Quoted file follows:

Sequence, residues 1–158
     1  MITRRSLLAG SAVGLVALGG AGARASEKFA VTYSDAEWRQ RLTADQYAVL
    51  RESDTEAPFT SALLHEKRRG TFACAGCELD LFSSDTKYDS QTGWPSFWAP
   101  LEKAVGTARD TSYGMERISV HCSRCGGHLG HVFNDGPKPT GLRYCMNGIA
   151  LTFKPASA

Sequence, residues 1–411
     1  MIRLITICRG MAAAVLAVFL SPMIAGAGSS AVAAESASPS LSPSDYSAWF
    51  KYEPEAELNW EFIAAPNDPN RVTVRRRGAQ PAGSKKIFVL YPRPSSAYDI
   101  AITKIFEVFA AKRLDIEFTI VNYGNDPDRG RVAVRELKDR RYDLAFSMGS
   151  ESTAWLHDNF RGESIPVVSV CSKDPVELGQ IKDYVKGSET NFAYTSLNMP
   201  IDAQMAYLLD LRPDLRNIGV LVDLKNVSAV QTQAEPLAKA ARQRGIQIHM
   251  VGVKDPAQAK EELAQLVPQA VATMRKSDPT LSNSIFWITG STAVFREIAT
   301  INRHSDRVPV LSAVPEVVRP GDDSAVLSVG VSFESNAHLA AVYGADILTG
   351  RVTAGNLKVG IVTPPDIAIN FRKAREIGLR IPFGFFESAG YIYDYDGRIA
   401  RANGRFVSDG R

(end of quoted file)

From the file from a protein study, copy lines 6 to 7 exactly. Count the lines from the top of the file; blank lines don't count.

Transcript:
Sequence, residues 1–411
     1  MIRLITICRG MAAAVLAVFL SPMIAGAGSS AVAAESASPS LSPSDYSAWF